Many people ask about the Time and Space name and logo. Where did you get it? What does it mean? In choosing a name for the practice, I wanted something people could identify with but also something that has its roots in area I trained in – psychoanalysis. 
 
It is ironic that the two things needed for someone to undertake therapy are what they find least at their disposal – time and space. “ If only I had the time and space to do…” has become a common remark not just for investing in health and wellbeing but also to embark on more creative activities that would actually do us all good! Life has become very busy, time is precious and its value assessed with ever increasing focus and precision. 
 
The relationship between time and space has a much more fundamental concern in psychoanalytic therapy and the interaction of each element is important for the outcome of the therapy. In nature, the movement from one space to another involves the passage of time. Time links the two spaces. Unifying time and space contributes to relating the inner world of an individual with their external reality, a concept which is central in psychoanalysis. 
 
In constructing the logo, I choose a tree which is hugely symbolic of life and of human development. Trees are synonymous with the passage of time and are a source of fascination for nature lovers, gardeners, photographers and more. A tree’s strength lies in the foundations of its roots, its tenacity in the face of challenge and its comfort in its own skin, irrespective of the season that is in it. It knows there will be sunshine after rain and that spring will follow winter. A healthy tree produces abundant fruit. In describing the work of Sigmund Freud (1856-1939), Mitch Elliott of The Irish Psychoanalytical Association, speaks of the ‘psychical tree’ that branches in two, one branch dealing with the survival of the race (via the sexual instincts), the other branch dealing with the survival of the individual (via the ego instincts).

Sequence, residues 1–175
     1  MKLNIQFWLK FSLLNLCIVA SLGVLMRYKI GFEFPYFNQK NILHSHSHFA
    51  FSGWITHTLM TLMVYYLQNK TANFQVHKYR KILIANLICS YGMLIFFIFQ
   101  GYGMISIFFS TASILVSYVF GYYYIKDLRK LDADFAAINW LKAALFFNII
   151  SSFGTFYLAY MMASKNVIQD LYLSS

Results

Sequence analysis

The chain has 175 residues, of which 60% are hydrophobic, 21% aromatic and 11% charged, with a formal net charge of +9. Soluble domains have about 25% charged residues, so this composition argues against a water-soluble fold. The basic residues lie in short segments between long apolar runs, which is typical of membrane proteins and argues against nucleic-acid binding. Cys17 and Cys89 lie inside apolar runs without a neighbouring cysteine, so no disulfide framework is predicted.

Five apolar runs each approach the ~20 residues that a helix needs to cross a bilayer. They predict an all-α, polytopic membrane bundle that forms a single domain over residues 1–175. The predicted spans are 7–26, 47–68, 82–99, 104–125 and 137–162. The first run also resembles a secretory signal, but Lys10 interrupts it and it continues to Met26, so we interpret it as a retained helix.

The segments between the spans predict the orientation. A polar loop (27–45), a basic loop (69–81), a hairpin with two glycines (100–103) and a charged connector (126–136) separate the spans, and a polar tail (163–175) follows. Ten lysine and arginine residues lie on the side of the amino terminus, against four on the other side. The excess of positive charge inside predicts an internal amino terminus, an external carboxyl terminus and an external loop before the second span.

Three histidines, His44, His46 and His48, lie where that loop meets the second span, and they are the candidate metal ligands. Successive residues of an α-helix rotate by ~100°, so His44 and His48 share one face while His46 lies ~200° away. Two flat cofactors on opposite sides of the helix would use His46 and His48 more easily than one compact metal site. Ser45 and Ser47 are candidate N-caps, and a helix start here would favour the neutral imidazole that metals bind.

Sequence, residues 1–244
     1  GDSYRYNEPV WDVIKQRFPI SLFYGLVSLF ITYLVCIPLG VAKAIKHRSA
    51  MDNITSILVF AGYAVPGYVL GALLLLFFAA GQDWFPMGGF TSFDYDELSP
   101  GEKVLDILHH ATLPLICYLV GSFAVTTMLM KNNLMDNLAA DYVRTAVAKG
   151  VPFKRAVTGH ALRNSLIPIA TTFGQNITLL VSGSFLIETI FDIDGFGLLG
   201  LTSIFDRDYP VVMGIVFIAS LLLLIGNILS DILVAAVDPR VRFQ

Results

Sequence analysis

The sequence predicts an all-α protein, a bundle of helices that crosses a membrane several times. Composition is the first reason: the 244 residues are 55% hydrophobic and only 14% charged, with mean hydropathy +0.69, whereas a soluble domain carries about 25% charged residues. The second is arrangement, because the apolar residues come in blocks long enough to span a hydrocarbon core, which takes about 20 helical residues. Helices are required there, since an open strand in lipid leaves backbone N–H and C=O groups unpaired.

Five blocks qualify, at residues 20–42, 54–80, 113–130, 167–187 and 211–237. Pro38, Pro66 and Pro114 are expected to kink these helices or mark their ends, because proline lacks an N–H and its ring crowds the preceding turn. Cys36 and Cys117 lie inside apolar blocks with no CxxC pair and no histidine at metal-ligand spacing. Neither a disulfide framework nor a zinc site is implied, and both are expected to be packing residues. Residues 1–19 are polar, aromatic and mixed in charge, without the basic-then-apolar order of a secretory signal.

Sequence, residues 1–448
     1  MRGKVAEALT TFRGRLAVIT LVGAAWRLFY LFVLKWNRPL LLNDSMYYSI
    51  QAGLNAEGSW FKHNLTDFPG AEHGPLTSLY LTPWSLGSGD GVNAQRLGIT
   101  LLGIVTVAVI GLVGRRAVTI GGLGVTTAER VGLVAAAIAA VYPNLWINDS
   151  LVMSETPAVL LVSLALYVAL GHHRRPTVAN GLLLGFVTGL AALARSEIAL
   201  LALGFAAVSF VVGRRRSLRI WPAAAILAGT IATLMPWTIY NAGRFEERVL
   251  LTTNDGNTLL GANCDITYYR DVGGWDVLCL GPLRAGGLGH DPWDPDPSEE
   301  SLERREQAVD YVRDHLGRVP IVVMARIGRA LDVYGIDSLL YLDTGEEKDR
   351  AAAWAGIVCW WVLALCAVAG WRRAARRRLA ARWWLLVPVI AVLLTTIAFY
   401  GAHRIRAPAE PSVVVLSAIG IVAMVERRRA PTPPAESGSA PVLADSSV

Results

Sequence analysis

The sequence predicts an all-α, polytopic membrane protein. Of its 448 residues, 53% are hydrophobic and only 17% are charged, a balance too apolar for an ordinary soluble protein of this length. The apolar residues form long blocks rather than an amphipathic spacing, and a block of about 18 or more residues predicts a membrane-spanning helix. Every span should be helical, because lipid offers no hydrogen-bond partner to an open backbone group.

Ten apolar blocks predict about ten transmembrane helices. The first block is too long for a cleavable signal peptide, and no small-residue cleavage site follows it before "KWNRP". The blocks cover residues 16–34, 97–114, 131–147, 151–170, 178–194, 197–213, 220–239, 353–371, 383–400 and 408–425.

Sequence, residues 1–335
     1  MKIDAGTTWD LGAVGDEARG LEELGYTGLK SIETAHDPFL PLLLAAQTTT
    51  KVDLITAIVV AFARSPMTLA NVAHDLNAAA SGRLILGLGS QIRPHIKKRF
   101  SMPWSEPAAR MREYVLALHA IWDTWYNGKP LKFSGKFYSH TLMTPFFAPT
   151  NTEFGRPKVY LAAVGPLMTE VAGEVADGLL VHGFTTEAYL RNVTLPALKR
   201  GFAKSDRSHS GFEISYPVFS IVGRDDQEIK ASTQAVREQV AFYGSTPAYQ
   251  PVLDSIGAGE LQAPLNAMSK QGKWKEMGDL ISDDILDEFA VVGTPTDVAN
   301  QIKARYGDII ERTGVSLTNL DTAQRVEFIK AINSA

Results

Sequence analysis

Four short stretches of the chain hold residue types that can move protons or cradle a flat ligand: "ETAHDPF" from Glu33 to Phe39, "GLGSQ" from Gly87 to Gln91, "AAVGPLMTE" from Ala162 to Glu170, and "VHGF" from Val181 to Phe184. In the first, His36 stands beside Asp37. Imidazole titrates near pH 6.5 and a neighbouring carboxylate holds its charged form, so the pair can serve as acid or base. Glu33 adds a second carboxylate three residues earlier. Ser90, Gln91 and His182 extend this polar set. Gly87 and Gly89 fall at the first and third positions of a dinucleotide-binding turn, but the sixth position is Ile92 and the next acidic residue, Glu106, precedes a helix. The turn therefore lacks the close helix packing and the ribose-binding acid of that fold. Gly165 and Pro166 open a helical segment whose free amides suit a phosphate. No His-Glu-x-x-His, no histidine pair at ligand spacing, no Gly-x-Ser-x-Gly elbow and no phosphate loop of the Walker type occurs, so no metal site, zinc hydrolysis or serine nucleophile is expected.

In the logo, the trunk of the tree has a twist, reminiscent of the helical structure of DNA, the blueprint of our genetic make up. This reflects the nature versus nurture debate that often takes place when discussing whether our emotions, behaviours and illnesses are predominantly due to our genes (and therefore we have no control of it) or whether the environment we grew up in has some bearing. I worked in medical genetics for many years so am well placed to discuss both aspects of this in a holistic manner which I will share with you in articles, sessions, talks and workshops. 
 
Finally, the three semi circles which form the arch over the tree in the logo. To begin with, they represent the sun which is critical to the life of the tree but also to life on earth. They also represent the three membranes which surround our brain, where we associate the location of our mind and where structures that constitute our senses, thoughts and memories are located. They also represent the structure of the psyche as described by Sigmund Freud, when he described the id (the primitive and instinctual part), the superego (the moral conscience) and the ego (that mediates between the id, the superego and a person's perception of reality). These structures and the conflict that plays out between them, are central to psychoanalytic therapy. 
 
All together, the name and logo represent my holistic approach when clients come for therapy, my focus on the individual in front of me and their personal story and my desire to help each client work through their difficulties to achieve a more healthy, fulfilled and creative self. 
 
Tagged as: Meaning
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